Thus, I got to know a wonderful guitarist from California, Hristo Vitchev, who became a friend. I also thought of my Indian violinist friend Radhakrishna who played with Ravi Shankar, the English singer Nicki Wells who performed with Anushka Shankar. I also asked my friend bassist Etienne Mbappé who has been playing for several years with John Mac Laughlin, there is also a great flamenco guitarist Juan Carmona. I put together all the music with my trio, my pianist wrote the arrangements for the string quartet and I invited one of the best French trumpet players Sylvain and a new guitar talent Antoine Boyer.
What I like about this album is precisely the diversity while having a unity. Because of my cross-cultural background, I like the richness that everyone can bring. As a child, my dream was the unity of the earth.
For the moment, my musicians and I are still in the atmosphere of this new album that we want to make known. But it is true that in parallel, through the “News Standards” project, I pay homage to Pat Metheny, Chick Corea, Michel Petrucciani, Miles Davis with arrangements a little different and new colors․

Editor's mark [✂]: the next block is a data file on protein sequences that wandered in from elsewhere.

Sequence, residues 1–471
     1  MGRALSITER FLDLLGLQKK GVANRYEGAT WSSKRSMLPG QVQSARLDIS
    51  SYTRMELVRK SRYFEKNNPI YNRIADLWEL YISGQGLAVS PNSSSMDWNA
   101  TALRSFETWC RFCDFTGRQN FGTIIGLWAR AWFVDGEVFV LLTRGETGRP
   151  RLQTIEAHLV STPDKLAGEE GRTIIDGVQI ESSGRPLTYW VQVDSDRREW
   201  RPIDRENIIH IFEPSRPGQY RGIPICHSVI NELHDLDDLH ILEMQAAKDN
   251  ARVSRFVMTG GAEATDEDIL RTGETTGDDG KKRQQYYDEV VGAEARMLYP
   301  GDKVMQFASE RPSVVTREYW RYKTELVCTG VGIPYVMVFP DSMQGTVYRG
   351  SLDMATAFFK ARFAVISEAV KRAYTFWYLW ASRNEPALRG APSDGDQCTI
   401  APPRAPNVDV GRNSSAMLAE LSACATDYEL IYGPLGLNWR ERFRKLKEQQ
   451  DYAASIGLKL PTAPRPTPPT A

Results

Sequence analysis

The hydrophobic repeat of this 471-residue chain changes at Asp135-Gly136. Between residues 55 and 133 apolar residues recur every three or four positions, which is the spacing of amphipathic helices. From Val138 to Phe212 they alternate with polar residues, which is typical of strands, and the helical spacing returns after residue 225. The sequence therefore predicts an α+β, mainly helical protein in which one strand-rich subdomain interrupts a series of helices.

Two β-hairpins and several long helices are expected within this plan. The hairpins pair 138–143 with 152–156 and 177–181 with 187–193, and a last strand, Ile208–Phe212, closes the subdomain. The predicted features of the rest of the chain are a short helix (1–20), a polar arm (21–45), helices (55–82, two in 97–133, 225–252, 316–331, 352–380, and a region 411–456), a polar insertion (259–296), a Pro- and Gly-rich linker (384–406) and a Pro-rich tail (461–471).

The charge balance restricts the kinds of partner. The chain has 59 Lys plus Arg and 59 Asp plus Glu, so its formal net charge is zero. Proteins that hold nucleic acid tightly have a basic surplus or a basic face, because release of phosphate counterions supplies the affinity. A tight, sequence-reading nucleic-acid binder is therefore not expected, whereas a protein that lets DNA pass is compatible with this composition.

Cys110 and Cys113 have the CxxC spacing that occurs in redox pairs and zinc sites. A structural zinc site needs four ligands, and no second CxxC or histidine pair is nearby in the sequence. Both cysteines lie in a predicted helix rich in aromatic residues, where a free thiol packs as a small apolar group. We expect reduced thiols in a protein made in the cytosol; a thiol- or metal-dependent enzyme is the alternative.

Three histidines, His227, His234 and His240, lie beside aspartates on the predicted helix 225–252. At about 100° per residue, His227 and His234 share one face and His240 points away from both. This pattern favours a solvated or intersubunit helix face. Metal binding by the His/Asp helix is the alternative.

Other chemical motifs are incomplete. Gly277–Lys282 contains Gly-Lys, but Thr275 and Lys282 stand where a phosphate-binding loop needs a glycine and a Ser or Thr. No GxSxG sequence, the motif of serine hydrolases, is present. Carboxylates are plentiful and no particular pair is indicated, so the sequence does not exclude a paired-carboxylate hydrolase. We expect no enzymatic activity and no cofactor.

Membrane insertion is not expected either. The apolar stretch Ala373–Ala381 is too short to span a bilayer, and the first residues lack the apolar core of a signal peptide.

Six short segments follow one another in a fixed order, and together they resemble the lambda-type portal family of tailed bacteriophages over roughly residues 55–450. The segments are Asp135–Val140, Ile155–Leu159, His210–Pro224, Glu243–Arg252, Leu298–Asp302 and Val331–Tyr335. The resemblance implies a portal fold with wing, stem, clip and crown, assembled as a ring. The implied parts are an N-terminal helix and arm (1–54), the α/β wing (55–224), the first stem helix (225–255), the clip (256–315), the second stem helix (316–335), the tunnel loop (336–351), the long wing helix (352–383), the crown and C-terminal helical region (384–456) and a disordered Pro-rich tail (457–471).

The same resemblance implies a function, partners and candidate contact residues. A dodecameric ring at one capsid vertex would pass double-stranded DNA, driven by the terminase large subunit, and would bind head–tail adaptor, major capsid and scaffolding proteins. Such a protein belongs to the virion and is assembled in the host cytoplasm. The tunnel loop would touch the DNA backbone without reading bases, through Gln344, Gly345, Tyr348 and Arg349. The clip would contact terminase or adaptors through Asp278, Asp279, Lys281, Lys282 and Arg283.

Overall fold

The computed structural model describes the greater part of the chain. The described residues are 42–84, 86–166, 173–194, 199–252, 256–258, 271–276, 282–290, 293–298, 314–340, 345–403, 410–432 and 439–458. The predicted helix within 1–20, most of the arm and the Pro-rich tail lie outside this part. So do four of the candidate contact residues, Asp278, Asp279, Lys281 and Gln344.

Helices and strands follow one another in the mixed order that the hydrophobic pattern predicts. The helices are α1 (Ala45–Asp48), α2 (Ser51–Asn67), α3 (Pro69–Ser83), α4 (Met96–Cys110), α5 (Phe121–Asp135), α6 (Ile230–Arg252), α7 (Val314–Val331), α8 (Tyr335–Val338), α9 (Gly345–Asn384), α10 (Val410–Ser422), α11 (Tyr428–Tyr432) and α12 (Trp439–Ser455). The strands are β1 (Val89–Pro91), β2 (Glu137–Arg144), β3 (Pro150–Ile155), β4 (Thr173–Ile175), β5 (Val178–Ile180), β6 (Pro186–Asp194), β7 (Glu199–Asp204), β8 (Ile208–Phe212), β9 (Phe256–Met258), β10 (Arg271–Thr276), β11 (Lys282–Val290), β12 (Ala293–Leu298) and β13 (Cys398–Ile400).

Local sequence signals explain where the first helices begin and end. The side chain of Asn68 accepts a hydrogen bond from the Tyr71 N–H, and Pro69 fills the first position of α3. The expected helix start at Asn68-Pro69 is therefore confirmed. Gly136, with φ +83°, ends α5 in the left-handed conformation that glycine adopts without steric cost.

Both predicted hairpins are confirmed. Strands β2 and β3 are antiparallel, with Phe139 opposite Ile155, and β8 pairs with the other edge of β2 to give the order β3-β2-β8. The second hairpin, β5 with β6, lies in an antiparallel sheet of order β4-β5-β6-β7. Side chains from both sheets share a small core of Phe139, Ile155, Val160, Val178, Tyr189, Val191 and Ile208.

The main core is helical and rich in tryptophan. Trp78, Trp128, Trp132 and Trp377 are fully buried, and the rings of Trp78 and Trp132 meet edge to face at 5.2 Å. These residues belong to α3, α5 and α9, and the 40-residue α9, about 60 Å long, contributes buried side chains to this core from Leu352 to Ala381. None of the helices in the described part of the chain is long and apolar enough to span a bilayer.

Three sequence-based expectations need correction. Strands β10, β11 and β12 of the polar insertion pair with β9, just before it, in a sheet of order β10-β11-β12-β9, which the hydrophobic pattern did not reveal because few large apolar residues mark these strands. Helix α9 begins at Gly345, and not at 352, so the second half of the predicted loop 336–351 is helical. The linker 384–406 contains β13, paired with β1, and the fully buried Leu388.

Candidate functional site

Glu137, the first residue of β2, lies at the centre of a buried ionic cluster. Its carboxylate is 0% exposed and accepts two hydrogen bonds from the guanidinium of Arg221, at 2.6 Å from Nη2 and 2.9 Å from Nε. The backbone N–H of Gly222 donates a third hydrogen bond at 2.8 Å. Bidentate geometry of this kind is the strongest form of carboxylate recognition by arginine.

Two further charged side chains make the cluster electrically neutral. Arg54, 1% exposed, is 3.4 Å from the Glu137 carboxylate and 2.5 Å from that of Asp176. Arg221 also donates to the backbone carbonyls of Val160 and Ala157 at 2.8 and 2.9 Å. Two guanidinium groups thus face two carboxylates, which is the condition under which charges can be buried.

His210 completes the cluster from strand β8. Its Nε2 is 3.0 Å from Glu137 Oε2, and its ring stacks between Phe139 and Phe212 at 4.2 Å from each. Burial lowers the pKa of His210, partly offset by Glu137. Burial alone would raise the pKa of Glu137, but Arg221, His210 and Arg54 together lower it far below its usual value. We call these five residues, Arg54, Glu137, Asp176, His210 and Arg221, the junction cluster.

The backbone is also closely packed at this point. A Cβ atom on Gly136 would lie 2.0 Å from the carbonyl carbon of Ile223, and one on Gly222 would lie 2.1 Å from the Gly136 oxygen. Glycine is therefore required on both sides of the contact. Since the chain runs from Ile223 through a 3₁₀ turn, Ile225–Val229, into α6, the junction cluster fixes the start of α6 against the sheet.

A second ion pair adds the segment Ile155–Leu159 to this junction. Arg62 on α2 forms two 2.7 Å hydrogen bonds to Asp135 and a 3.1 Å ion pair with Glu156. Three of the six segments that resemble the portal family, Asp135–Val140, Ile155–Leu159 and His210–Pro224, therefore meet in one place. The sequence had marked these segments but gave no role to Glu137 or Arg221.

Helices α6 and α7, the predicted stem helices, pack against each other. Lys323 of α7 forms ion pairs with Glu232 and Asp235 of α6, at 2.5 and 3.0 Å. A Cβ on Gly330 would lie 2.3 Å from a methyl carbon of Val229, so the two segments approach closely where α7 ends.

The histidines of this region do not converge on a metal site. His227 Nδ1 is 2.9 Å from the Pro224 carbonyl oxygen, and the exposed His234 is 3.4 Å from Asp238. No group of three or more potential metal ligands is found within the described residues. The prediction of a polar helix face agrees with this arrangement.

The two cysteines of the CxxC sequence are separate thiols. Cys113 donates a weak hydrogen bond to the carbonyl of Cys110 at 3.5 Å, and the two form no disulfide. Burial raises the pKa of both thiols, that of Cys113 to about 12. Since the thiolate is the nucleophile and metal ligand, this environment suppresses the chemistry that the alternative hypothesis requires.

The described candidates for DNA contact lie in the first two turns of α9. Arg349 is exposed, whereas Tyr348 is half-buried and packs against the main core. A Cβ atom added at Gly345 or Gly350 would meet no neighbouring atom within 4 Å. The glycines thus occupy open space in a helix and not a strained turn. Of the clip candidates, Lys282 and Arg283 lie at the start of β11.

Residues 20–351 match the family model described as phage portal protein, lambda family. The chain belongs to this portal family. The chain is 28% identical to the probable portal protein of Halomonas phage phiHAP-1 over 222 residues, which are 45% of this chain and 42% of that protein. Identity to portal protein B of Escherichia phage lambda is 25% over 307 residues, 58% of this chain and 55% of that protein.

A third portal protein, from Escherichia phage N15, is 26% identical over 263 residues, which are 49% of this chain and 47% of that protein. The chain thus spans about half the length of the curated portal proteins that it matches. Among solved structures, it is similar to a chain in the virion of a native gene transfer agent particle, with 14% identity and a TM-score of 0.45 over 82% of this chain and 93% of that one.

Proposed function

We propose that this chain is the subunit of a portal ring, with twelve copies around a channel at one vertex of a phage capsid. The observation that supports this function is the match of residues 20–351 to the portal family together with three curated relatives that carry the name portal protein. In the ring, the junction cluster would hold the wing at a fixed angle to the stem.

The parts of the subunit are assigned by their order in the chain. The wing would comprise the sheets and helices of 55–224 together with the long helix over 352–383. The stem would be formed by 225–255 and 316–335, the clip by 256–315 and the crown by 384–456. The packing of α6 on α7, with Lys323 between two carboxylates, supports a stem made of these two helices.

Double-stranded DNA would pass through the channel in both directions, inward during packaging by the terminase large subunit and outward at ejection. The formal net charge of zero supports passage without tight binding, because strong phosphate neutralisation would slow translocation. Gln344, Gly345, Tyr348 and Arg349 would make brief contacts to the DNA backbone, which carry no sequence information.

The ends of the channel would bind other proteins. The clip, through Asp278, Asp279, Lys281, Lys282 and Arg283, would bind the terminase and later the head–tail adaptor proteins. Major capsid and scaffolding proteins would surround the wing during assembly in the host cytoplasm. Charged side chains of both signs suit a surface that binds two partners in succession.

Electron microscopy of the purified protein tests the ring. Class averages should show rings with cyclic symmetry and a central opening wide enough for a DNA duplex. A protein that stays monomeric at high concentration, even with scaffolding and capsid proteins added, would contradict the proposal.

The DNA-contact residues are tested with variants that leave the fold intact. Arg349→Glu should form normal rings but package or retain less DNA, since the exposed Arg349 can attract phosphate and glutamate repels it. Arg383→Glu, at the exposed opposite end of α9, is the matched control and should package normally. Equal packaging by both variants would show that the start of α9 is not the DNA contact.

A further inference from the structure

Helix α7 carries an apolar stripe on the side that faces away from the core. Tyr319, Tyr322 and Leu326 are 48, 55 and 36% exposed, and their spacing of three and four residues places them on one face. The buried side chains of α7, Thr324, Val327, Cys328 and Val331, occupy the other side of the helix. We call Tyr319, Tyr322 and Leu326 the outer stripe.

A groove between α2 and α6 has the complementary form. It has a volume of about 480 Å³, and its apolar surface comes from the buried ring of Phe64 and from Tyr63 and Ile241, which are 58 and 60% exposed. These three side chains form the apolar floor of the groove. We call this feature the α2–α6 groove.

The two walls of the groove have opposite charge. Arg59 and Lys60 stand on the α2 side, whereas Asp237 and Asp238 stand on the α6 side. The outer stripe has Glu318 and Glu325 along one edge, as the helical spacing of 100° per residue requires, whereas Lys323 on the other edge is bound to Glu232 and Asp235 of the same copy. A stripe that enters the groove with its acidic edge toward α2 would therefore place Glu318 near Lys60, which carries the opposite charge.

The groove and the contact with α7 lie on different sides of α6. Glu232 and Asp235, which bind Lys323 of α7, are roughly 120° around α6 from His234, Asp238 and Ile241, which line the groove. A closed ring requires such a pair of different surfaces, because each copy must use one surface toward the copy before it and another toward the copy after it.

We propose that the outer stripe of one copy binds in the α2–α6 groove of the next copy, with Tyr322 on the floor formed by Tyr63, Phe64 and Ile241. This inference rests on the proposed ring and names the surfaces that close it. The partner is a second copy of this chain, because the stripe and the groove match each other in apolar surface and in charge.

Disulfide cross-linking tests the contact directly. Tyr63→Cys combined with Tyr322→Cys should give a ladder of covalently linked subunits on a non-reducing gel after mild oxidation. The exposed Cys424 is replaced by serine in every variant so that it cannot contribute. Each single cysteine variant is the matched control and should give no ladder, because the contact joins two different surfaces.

JBN: – How did you select the musicians who play on the album?
JMT: – I chose the musicians, both for the color of the instruments, and for the feeling and the friendship that I have with each of them. It is very important for me to have the generosity of sharing and at the same time to have a convergence for a unity of the music.
JBN: – In your opinion, what’s the balance in music between intellect and soul?
JMT: – The most important thing is the expression of the soul, of the inner being. In India, musicians play deeply to express the beauty of the soul. The intellect is in the realm of thoughts, it helps to realize things, exercises its capacity of discernment, looks at the whole for the material realization, the inspiration comes from another plane of consciousness.